I had arranged, by talking with our “handler” that night, for us to be picked up and taken to the Newark airport in good time to catch our flight home–a couple of hours early to account for traffic, etc. So next morning we got ready, packed, brought our stuff downstairs to the hotel lobby, and stood outside waiting for a driver in an black Escalade to pick us up. Waiting. Waiting. Waiting while watching NYPD officers with bomb dogs searched across the street–that made me nervous. But not as nervous as the continued . . . waiting. I start calling the contact numbers I had for the responsible parties. Nothing. Zip. Voicemails left in vain. We were quickly losing our extra time. Finally–I got a half-awake intern on the phone, who told me a car was on its way. Finally, said Escalade arrived, with a very skittish and peculiarly uncomfortable looking guy at the wheel, who in my memory’s eye resembled a skinnier Chris Farley. His vehicle/code name was “Omega 33“. He helped us load our stuff in, then when we got in the vehicle, he turned around from the driver’s seat and said, “Now do you any of you guys know how we get to Newark from here?”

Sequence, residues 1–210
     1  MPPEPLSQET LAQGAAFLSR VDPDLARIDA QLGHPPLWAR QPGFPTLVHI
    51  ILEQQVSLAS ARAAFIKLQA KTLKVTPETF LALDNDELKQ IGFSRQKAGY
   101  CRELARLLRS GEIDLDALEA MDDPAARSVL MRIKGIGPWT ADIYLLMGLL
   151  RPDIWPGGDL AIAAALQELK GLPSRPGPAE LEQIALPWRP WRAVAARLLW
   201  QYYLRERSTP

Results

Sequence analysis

We looked at each other, then at him in disbelief. “You don’t know the way to the airport?!” I don’t remember how we got directions (this was pre-GPS being common technology), but I think it might have been our driver calling someone on his cell. It was as if this person had never driven a car before. And we had maybe an hour before our flight left. Once we got on the freeway, I felt a little relief. But he was driving erratically–3 near-collisions with either guardrails or other vehicles–and then he started looking at his phone, and answering personal calls. Tom exploded–“Get off your #$@! phone and watch where you’re going!”–something along those lines. By true benevolent grace we did make it to the airport unscathed. While unloading our luggage, the driver said, “I guess this means I shouldn’t expect a gratuity?” To which one of us replied, “Correct.”
We ran inside–at the ticket counter we were greeted by Mr. Non-Congeniality, who informed us with relish that we were too late to check our luggage–so we had to haul ass to the gate with everything. Because this was post-9/11 security, I had to surrender wire cutters and a number of tools that I carry with my guitars. But otherwise, no casualties–we made the flight just as they were closing the door. Got home; the check cleared, and all was well.